4

I followed the tutorial here to learn how to use getopts. I'm able to execute all the options properly provided by the user. But now I want to execute a default option when none of the options are provided.

For e.g:

while getopts ":hr" opt; do
    case $opt in
        h )
            show_help;
            exit 1
            ;;
        r )
          echo "Default option executed"
          ;;
    esac
done

So, if the user provides with either -h or -r, the corresponding commands should be executed (which actually does) but when none of these options are provided -r should be executed by default. Is there a way to achieve this?

UPDATE

I tried cas's suggestion and included *) to my getopts function but nothing seems to be happening.

while getopts ":hr" opt; do
    case $opt in
        h )
            show_help;
            exit 1
            ;;
        r )
          echo "Default option executed"
          ;;

        \? )
          echo error "Invalid option: -$OPTARG" >&2
          exit 1
          ;;

        : )
          echo error "Option -$OPTARG requires an argument."
          exit 1
          ;;

        * )
          echo "Default option executed"
          ;;
    esac
done

Is there something wrong with this snippet?

  • does my answer make sense? the "while" loop is exiting when getopts doesn't have any options to parse, so the case statement is never seen. – Jeff Schaller Jun 2 '16 at 16:10
  • the 2nd snip looks ok. when you say it does nothing, does h and r still work or not? – Skaperen Nov 18 '18 at 5:08
2

Adding a default option to the case statement won't help because it won't be executed if getopts doesn't have options to parse. You can see how many options it processed with the OPTIND shell variable. From help getopts:

Each time it is invoked, getopts will place the next option in the
shell variable $name, initializing name if it does not exist, and
the index of the next argument to be processed into the shell
variable OPTIND.  OPTIND is initialized to 1 each time the shell or
a shell script is invoked.

So if OPTIND is 1, no options were processed. Add this after your while loop:

if (( $OPTIND == 1 )); then
   echo "Default option"
fi
0

Bash's getopts will exit the while loop when no options are provided, setting $opt to '?'. To determine this situation in a script, add an if clause after your while loop, similar to:

if [ "$opt" = "?" ]
then
  echo "Default option executed (by default)"
fi

For reference, see Bourne Shell Builtins

0

From what I see, r is not expecting an argument. Logically, no matter what happens, r is executed the same way.

I would take the command associated with r out of the getopts clause and have it execute regardless. That would suffice for your requirements I believe. In other words, put the echo statement after the "done" statement.

You can leave r in getopts as a stub if you wish for compatibility or other reasons.

You can also add a variable set to zero as a switch. As soon as any option other than r is selected, you have a line that changes that variable to 1. After the done statement, you can write " if variable equals zero, execute default command".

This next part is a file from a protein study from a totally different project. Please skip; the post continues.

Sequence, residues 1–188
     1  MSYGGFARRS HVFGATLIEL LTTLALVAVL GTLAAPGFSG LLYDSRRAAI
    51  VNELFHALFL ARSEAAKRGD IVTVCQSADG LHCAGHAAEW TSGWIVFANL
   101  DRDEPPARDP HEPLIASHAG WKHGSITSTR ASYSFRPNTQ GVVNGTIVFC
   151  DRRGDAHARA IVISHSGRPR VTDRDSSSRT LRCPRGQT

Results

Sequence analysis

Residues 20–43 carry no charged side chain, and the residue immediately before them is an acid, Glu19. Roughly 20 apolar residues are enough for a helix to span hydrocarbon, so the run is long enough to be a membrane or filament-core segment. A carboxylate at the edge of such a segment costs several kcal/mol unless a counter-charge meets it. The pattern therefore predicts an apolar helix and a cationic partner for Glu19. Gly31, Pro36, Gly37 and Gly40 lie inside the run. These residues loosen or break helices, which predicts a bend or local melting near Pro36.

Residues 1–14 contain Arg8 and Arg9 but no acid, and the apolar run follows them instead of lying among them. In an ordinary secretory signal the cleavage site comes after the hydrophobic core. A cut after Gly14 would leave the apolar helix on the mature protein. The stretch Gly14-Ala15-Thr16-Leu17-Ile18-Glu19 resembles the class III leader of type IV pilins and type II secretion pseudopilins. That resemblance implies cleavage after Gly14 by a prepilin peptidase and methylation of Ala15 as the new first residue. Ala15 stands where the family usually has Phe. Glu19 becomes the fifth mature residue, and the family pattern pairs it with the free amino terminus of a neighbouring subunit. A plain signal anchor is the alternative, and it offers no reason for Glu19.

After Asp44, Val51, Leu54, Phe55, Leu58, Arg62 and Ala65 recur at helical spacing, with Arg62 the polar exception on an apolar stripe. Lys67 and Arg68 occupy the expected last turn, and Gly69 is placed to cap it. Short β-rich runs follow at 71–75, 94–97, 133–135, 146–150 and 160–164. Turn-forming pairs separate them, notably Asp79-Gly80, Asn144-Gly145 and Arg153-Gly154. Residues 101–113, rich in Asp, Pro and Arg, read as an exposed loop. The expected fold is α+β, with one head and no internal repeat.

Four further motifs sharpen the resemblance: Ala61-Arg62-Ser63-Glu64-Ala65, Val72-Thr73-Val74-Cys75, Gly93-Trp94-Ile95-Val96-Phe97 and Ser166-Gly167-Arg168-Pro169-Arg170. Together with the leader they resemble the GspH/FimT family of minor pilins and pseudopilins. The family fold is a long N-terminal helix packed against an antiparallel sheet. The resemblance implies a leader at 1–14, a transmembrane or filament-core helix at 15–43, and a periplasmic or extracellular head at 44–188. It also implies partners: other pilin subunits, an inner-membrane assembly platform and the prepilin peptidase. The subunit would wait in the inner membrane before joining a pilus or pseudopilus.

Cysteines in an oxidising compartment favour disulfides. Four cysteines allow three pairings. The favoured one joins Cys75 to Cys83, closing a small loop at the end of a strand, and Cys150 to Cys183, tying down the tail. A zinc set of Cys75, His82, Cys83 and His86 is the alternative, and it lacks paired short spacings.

I think I like Cas' answer the best. I wanted to comment but I do not have the privileged. I'll build on his idea. This is the same as what Cas proposed, but you only have one command ( so you don't have double the same command and make a mistake in the future), and it will give you the possibility of also using it in addition to -h.

DEF="Default command executed"
while getopts ":hr" opt;
   do case $opt in 
     h) show_help; 
        exit 1 ;; 
     r) echo "$DEF" ;; 
     *) echo "$DEF" ;; 
  esac
done
  • You could remove the echo command and replace it with these three. top: SWITCH=0 h section (line 4 or 5): SWITCH=1 end: [ “$SWITCH” == “0”” ] && echo “Default option executed” – BloodyEl Jun 2 '16 at 12:26
0

Use the getopts loop to set variables based on what parameters are passed. Then act on these variables:

#!/bin/sh

# Defaults:
do_help=0
do_r=0

while getopts "hr" opt; do
    case $opt in
        h) do_help=1 ;;
        r) do_r=1    ;;
        *) echo 'Error in command line parsing' >&2
           exit 1
    esac
done

if [ "$do_help" -eq 1 ]; then
    show_help
    exit
fi

printf 'Default option executed (r=%d)\n' "$do_r"

I opted for letting the code exit successfully if -h is used (unless show_help fails) rather than with a non-zero exit status (asking for help is not an error).

Running it:

$ sh script.sh -r
Default option executed (r=1)
$ sh script.sh
Default option executed (r=0)
$ sh script.sh -h
script.sh[24]: show_help: not found

This has the benefit of separating the command line parsing code from the rest of the logic of your script.

It also allows you to do basic sanity checks after the loop while keeping the actual parsing loop short and simple. For example:

# command line parsing loop above here

if [ "$do_help" -eq 1 ] && [ "$do_r" -eq 1 ]; then
    echo 'Options -h and -r are mutually exclusive' >&2
    exit 1
fi

# code that acts on user-supplied options below
0

You can use number of arguments as well:

if [ "$#" == 0 ]; then
  usage
  exit 1
fi

More info here: http://tldp.org/LDP/abs/html/internalvariables.html#ARGLIST

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